Title: Every Last Drop
Author: Charlie Huston
Published by: Orbit
Publication date: 5 March. 2009
Genre: Science Fiction/Urban Fantasy
Source: Personal Collection
“After a year hiding out in the Bronx, Joe Pitt is given an assignment he can’t refuse.
One Clan needs Joe to inform on another, but he’s playing them both while keeping his eye on the main prize: his girl Evie is on the Island somewhere and he’ll do anything to get her back. And in this case, ‘anything’ means coming face to face with the horrendous secret that lies beneath the Vampyre world. It’s a quest that will drive him to the heart of the two most perplexing mysteries of the Vampyre community: how were the Clans originally formed, and where do the powerful ones get all that blood?
The search for the answer takes Joe to a dark corner of Queens, puts him face to face with a mythic and savage Clan, and leaves him in possession of a vision he’ll never scrape off his retinas – as well as a bargaining chip that redefines his place in the Vampyre universe.”
Every Last Drop is the 4th installment in the Joe Pitt case-files novels by Charlie Huston, you can read my reviews of the previous books on the blog. They are Already Dead, No Dominion and Half the Blood of Brooklyn.
I expressed a bit of disappointment in the previous book in this series but hinted at the end of my previous review that things got better in Every Last Drop. There is a major plot element in this book that really hits the reader in the face with it’s brutality and it’s well worth getting through Half the Blood of Brooklyn for, to call it a game changer for the main character; Joe Pitt is an understatement!
Pitt starts off in exile from Manhattan, but he quickly finds his way back to the ‘mainland’ and starts making trouble with and for himself! In Every Last Drop, we follow Pitt once more on a case working the clans, The Coalition, Society and the new Clan Cure, all at the same time in a rather exciting entanglement to answer some key questions – Does the new clan have what it takes to fulfill their goals? How do the bigger clans sustain themselves? And so on.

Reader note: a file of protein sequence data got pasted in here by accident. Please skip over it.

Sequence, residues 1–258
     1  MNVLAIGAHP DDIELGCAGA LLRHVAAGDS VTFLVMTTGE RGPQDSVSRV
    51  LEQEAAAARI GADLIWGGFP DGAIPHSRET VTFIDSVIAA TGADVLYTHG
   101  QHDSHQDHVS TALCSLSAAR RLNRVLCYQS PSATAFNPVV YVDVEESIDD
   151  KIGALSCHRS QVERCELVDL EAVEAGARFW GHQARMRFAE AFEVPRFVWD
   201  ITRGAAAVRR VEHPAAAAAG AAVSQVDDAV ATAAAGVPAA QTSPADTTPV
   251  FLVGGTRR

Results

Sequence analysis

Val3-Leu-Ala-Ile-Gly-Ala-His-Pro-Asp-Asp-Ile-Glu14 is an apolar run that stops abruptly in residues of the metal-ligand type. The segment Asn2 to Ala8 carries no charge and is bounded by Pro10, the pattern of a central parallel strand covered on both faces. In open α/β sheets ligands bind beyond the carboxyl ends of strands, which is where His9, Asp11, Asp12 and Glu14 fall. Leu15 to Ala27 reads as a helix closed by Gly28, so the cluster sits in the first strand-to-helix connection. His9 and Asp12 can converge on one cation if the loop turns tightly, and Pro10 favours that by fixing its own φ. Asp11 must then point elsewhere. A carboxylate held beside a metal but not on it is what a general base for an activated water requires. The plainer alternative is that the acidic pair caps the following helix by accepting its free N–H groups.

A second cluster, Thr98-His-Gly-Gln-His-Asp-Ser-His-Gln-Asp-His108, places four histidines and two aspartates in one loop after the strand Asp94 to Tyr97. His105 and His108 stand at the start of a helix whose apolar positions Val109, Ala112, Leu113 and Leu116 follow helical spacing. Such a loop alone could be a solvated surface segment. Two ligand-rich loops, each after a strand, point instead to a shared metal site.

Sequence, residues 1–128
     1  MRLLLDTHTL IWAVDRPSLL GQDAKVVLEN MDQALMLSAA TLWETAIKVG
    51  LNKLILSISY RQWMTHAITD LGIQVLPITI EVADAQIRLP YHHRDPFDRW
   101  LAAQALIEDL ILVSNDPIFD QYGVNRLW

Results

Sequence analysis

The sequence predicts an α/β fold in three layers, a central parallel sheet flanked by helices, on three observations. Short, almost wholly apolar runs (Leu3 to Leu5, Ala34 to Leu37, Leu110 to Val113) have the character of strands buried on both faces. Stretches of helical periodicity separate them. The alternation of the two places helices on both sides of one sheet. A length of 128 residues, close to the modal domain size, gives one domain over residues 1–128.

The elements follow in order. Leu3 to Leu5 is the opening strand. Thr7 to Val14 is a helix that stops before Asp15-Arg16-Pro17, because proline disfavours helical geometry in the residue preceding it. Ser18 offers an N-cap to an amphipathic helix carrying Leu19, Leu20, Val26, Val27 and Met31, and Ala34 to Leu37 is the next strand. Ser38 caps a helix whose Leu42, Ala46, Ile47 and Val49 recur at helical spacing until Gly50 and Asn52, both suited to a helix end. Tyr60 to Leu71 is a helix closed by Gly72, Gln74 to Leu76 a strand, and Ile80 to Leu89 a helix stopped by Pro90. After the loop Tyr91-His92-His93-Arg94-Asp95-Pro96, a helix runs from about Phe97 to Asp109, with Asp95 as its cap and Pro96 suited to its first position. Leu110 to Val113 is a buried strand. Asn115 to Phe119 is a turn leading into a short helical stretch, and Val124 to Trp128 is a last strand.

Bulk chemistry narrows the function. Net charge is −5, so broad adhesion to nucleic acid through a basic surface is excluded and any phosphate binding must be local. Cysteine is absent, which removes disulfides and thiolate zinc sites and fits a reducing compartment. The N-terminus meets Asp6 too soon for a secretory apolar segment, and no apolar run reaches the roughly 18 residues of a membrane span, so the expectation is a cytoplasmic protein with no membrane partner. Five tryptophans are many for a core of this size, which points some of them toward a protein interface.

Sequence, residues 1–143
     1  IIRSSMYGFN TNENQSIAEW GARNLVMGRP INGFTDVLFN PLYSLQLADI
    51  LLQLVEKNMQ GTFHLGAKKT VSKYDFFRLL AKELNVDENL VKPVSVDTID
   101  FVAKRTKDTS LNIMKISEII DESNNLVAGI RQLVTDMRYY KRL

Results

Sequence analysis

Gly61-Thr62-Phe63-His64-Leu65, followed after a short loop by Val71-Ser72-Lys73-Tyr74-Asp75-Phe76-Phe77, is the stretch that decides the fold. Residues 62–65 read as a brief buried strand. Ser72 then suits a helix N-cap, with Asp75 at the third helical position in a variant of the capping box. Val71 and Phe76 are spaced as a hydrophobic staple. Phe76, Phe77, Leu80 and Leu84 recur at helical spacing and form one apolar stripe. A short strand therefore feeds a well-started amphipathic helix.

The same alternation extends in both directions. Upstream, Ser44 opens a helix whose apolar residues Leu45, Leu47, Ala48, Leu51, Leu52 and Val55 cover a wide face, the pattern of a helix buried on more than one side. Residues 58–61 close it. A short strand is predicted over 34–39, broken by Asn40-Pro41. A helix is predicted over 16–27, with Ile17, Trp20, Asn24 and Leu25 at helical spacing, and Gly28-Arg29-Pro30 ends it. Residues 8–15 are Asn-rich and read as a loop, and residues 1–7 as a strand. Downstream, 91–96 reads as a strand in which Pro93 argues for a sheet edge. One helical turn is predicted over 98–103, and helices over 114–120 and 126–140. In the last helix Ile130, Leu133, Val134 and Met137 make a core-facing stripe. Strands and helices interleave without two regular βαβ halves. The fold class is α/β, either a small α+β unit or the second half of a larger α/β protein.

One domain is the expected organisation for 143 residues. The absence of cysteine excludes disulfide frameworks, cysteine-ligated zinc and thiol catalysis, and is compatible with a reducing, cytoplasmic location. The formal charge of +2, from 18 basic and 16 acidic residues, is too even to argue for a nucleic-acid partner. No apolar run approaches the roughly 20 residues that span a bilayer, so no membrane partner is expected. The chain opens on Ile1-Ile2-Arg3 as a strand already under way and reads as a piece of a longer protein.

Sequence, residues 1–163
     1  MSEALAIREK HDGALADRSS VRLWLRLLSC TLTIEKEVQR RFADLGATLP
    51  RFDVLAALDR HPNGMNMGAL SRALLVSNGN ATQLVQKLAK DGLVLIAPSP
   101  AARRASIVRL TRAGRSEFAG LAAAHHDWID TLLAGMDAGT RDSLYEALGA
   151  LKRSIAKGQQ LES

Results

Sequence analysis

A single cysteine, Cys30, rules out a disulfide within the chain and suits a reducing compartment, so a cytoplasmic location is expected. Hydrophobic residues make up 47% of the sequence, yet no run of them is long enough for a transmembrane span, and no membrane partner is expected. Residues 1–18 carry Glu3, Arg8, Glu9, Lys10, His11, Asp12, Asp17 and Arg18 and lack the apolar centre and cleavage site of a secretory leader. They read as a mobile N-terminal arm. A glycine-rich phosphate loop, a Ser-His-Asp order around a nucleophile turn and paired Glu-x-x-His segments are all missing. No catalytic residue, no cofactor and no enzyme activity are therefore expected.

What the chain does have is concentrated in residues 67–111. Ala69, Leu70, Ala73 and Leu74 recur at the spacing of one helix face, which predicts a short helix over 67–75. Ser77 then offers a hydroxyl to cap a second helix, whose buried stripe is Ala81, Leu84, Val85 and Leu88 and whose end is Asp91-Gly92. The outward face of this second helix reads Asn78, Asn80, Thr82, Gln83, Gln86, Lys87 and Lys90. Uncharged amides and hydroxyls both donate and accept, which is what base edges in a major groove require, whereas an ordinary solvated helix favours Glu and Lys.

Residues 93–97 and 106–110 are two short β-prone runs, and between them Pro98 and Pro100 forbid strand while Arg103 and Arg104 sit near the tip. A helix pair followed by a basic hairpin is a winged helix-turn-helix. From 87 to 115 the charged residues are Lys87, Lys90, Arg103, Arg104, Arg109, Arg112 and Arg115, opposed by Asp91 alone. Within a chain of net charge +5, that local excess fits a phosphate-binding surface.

A fair chunk of Every Last Drop takes place off Manhattan again and brings a bit more insight to how far the Vampyres and the extended universe travels. Albeit a little limited as this still happens in New York – I do wonder if Charlie Huston ever planned for anything related to this universe that is set further afield – but I am pleased to say that the offerings in Every Last Drop (Wider Universe and not) are much more satisfying than they are in Half the Blood of Brooklyn and I feel that Huston is very much back in track with this 4th installment.
Building upon the near obsession with his girlfriend, Joe Pitt is driven with Evie in mind; who has been holed up with the mysterious Enclave gang for over a year. With the absence of Daniel, he is no longer as welcome among the Enclave as he once was and this presents a new set of challenges for him – which add another dangerous element to the narrative and a bit of a mix-up on the old ‘Joe Pitt gets beaten up and beats up others’ that had become a bit too familiar. Of course, there is an element of this – as the violence has been ramped up and Pitt spends a lot of the novel walking wounded – but it’s forgivable in this offering in the series as there is more to focus on than just seeing the protagonist using his fists. The tensions between the clans and it’s members towards one another is increasing and Every Last Drop points the reader ‘nicely’ to the last book; and who would read the series this far and not see it through to it’s conclusion? While it could be accused as being another ‘filler’ episode/novel in the series I felt it was a lot more satisfying than Half the Blood of Brooklyn in it’s content – especially in relation to the characters involved; with whom we should be well familiar as they all come back around again in their various guises. Of particular note, and I feel I can’t mention these books without mentioning the Enclave clan, is the changes that have taken place within which are both drastic and troubling; especially considering that Evie has been locked up with them for the duration of Pitts exile.
The book follows the same editing format as the previous books and while I didn’t mention it in my review of Half the Blood of Brooklyn, I will add it in here, instead, as there is a bit more varied dialogue between characters. Charlie Huston doesn’t use speech marks in these books and the formatting of them isn’t up to usual standards which can be a little confusing; especially in Every Last Drop as it’s pace is certainly a lot faster than previous books. It can be somewhat harder to follow as there are new characters introduced and some take to the fore so their speech patterns aren’t so easy to pick out and follow as they may have been in previous books.
I am looking forward to reading the final installment in the series; My Dead Body and wrapping up the novels in my final review of the Joe Pitt case-files.